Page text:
Its almost an accepted part of our culture...turn on any number of television shows and you’ll find a woman drowning her sorrows in a pint...or a half gallon of ice cream. When we're feeling emotional, we can turn to food to comfort us, to make the loneliness or sadness go away.
What’s important to realize is that we don’t need food in that moment. What we really need is a hug. Or to laugh with a good friend. Or to take a walk around the block and feel the sun, the rain, or even the snow on our skin. We need to get our of our heads and be present. Find other ways to nourish your soul, other than food.
This is not to say that food itself isn’t nourishing to the soul or that we shouldn't enjoy the occasional ice cream, chocolate or cookie. Who can resist a special dessert made by your mom or grandmother...this can feed our memories, our emotions, and our tastebuds with joy. But the key in finding balance and stability here is mindfulness. Mindful eating.
What does that mean, exactly?
It means that after an argument with your best friend, catch yourself as you storm into the kitchen and open the fridge or the pantry. And you ask yourself what you really need in that moment. Are you hungry? Do you need to call your friend and chat? Do you need to snuggle up with your dog or your kitty for a bit? Maybe you need to walk or run off your frustrations. What do you really need?
If you decide that you want a treat, or anytime you’re eating something very rich or flavorful, stop for a moment and follow these mindful eating steps.
1. Assess your hunger. Close your eyes and feel your body. Tune into your stomach. Scale your actual hunger from one to ten, ten being ravenous.
2. Use your senses (everything but taste) to explore the food you’re going to eat. Really investigate its texture, its color, its shape and smell, whether it’s hot or cold. Savor it with your eyes and nose, even touch it with your fingers.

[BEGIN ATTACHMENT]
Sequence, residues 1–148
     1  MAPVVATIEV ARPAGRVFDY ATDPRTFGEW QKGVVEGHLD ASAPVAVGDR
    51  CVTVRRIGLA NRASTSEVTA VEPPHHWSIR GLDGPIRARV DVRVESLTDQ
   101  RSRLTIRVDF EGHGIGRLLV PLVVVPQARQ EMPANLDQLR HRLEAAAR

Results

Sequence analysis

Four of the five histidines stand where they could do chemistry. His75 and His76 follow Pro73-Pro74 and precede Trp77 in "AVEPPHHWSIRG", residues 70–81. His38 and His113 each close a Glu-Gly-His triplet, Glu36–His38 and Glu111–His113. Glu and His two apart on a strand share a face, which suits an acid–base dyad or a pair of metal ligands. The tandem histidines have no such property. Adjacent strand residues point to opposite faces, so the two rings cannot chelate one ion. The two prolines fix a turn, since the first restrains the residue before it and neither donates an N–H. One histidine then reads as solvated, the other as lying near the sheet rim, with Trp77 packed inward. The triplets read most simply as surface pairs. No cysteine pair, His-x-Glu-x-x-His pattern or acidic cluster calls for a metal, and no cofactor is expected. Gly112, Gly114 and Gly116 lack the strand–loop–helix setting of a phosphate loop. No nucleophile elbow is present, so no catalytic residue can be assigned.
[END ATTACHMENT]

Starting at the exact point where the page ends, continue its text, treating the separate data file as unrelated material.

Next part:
3. Give thanks for the food. Not just to your higher power, but consider all the people who were involved in bringing you this food...the stock person at the grocery store, the farmer who grew the ingredients, the earth for growing them, or if it’s an animal product, thank the animal who gave its life or its milk. Have a sincere moment of gratitude.
4. Put the food in your mouth and savor it. Don’t chew right away. Feel it sitting on your tongue, then rolling around in your mouth. When you chew, notice what changes. Experience the texture, the flavor, every detail, down to choosing when to swallow and noticing how you feel after. Notice any after taste.
5. Assess your hunger after this bite. Notice how your belly feels, your body, your mind.
6. Repeat this with each bite of your special treat. Go slowly. There is no rush.
A number of things will happen if you follow these steps. First, you will move from a place of eating mind-lessly, from gobbling something down without even tasting it, from hoping that a full belly will help fill whatever is lacking or upsetting you in that moment...to a place where you are mindful and present. This is meditative eating. It will not only calm you and center you, but you will have an explosively sensual experience just eating one bite. You may not even choose to eat more. By slowing down and bringing great awareness to this process, you can heal, you can feel alive and learn to savor. Also, you will eat less..a lot less. And you will be okay with that. You will finally be nourished by your food, instead of consumed by it.